Wednesday, October 20, 2010

Lisa Frank- Hunter

My terrible secret- this is the artist who basically inspired me to draw when I was a kid. I can't even tell you how many stickers, stationary sets, stuffed animals, and all kinds of random crap I owned from this artist. This here is a sticker sheet of Hunter, one of her characters. It's inside a journal that is also a pop-up book, and like all of her products it's marketed for preteen girls. Lisa Frank really marketed her art well to kids- it's extremely vibrant, cartoonish, and she puts an emphasis on making characters, not just always pretty pictures. There's no cartoon show or anything to go along with the merchandise, but kids still got a sense for who these characters were just by a little blurb on the back of the packaging, or like in this image you see many different poses to describe the way the character might move if it were animated, giving it a sense of personality.

Lisa Frank is a pop artist, and she started her company in the late 70's. According to her girlified website, she creates the basic ideas for different designs and characters, at which point a team of illustrators takes over and draws them in marker. Then there's market research (talking to kids), and plenty of tweaking and redrawing, and then it goes to the computer where the computer painting "takes a long long time." So every part of this process is planned and engineered and calculated specifically to be consistent with the brand, and also to be desirable to kids. When I was growing up, it was pretty much mandatory to have several products of hers in your school supplies. Stickers and school supplies are meant to be used, and therefore disposable, and so you'll need to replace your Lisa Frank stationary set with another one after a while. So on those terms I think their illustrations and the whole corporate art factory is extremely successful. The company still seems to be going strong, so these illustrations still seem to be successful, though I don't know if Lisa Frank stuff is as "necessary" to kids as it once was.


  1. yayy lisa frank! i need to comment. right there with you on being inspired by lisa frank to draw when i was younger. i used to trace my folders to get the style down. and i loved reading all the stories on my lisa frank gear. the characters go along with them and have much personality. i used to try to come up with my own characters and write stories about them. i still buy lisa frank school supplies (hey. no makin fun) because it reminds me of how happy it made me to want to draw when i was little. so they're still getting business from me, because a lisa frank eraser gets me through many art projects (no joke).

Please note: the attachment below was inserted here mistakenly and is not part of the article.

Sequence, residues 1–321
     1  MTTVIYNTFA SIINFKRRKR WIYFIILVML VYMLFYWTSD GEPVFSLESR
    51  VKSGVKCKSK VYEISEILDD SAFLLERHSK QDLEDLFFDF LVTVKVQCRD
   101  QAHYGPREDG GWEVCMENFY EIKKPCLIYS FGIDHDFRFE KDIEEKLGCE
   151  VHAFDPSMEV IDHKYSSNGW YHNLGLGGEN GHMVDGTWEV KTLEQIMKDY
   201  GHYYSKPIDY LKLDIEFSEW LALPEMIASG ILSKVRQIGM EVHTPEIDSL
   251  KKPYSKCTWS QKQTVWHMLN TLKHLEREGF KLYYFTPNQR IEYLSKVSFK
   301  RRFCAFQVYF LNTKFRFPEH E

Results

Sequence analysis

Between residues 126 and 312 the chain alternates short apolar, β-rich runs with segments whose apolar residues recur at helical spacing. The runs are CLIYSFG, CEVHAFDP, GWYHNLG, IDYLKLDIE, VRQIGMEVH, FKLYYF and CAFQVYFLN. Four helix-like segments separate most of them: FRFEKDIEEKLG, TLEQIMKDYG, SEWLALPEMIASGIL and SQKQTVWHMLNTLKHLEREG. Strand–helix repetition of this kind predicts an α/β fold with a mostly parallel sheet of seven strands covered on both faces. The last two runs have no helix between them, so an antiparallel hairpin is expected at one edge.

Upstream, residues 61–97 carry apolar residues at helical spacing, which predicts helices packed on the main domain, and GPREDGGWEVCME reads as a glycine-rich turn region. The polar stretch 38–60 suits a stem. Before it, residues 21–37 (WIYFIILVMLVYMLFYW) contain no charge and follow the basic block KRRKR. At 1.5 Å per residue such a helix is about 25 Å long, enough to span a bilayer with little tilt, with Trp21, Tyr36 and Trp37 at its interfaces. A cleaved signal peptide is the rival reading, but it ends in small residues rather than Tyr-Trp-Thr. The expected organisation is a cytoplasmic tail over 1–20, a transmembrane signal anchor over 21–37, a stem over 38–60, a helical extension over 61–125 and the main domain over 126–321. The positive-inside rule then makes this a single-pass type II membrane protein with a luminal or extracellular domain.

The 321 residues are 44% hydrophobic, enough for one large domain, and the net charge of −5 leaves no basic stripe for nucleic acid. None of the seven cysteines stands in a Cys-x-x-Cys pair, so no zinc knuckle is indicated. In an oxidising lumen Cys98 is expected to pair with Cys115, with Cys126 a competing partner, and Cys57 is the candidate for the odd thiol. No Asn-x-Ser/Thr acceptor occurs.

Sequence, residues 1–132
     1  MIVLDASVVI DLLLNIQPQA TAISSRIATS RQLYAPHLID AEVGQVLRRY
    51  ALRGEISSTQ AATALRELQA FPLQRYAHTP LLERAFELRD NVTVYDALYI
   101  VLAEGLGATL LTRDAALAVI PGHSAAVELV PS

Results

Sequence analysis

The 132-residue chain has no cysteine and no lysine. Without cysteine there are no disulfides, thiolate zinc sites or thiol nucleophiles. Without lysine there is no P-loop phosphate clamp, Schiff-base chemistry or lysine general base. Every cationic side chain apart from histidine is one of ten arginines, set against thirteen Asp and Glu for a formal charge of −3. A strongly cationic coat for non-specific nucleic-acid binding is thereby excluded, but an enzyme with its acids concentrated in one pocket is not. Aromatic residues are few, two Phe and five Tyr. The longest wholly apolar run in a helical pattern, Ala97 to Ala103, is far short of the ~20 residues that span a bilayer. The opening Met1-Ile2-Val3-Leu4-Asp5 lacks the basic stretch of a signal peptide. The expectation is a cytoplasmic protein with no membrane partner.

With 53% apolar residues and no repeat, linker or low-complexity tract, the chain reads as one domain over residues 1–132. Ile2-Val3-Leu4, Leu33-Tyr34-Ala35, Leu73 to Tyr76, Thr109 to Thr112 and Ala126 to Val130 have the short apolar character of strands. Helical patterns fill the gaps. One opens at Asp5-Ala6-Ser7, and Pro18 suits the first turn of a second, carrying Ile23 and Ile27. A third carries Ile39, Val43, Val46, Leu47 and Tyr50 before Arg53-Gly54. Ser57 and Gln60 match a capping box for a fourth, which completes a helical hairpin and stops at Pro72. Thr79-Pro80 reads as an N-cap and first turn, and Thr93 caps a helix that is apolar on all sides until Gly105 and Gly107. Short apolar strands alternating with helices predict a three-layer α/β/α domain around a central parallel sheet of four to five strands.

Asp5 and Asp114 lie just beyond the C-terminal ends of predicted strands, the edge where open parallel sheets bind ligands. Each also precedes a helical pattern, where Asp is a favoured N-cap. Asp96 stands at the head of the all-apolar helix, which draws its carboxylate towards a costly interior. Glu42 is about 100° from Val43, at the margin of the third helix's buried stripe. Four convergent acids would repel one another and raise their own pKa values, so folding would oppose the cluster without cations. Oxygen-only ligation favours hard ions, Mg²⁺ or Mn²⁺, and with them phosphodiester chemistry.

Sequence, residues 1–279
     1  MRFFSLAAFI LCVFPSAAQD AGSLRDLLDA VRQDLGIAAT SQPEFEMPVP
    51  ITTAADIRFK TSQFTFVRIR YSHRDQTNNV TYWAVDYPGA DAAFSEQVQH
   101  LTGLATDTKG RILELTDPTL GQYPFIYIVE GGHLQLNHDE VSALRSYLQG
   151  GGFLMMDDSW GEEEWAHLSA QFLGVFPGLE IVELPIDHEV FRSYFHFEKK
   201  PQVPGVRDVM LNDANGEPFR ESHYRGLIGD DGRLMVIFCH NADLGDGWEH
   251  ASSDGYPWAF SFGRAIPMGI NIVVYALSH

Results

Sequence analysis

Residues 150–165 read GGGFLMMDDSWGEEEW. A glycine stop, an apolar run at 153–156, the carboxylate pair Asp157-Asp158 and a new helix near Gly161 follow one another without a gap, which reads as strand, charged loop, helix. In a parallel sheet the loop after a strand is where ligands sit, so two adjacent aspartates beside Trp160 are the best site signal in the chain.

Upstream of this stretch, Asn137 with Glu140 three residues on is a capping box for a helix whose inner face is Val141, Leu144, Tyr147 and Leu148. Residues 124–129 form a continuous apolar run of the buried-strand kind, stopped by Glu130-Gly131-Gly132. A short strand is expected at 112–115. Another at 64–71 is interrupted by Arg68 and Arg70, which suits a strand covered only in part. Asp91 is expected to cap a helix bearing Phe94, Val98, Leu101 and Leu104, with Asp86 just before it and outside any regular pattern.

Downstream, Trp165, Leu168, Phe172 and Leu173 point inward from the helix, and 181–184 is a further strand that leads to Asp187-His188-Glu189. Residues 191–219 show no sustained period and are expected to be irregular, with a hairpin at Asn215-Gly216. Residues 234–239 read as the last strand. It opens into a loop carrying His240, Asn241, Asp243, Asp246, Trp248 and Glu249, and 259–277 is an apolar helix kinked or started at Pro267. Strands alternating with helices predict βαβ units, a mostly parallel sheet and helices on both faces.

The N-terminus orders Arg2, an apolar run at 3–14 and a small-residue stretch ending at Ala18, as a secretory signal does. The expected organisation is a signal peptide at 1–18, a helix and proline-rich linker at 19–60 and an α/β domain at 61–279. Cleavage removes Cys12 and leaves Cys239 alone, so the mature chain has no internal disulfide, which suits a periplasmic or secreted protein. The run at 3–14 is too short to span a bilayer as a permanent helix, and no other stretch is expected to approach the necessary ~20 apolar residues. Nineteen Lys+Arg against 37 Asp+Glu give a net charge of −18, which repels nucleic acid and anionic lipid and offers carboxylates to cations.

2. Yes! I'm so glad you posted this. Who didn't love the merch back when we were kids? I always enjoyed how colorful the images were and looking back on this, it might explain why my illustrations always have high saturated colors on PS.

    I definitely think that Lisa Frank is not as necessary to kids as it was when we were little. It seems like little girls want to be too grown or are too much in love with Hannah Montana and other Disney stars. I honestly didn't know they still made LF stuff; those pencils with the giant erasers were so cool back in the day. I also didn't know about the process they went through to create their illustrations. I do agree that they were very successful for the intention they had for creating them.

  3. Funny, Last week I was going to do Lisa Frank myself, but changed my mind, happy I did. Yeah, like many, I too started my art skills drawing Lisa Frank, though, I was only five so it wasn’t very good, haha. It’s really interesting to know the steps they take to make the character designs and I just love how these colorful characters are still coming strong today, and that they are coming up with new ones over time. Though, If I remember correctly, the characters use to be only animal based, sure they had some animals in human clothing, but they never have actually people. Not sure when they started coming out with people then. I do think the whole franchise is starting to conform to today’s age with their bright colored girls that remind me of the brats dolls but more colorful to fit with the coloring style they always had. So maybe that’s a step in getting more then just kids to be interested. Though, I still like Lisa Frank, I don’t buy the merchandise anymore however but still look back at the art time to time cause it always got me wanting to draw with bright colors too.

  4. I can't remember any girls in my elementary school that didn't have a piece of her work on a folder or notebook. I remember trying to replicate some of her characters when I was little, but I couldn't get the hang of it at that age. I haven't seen her work lately though, so I wonder if maybe now that the 90s have passed, has her art become out of date and out of print?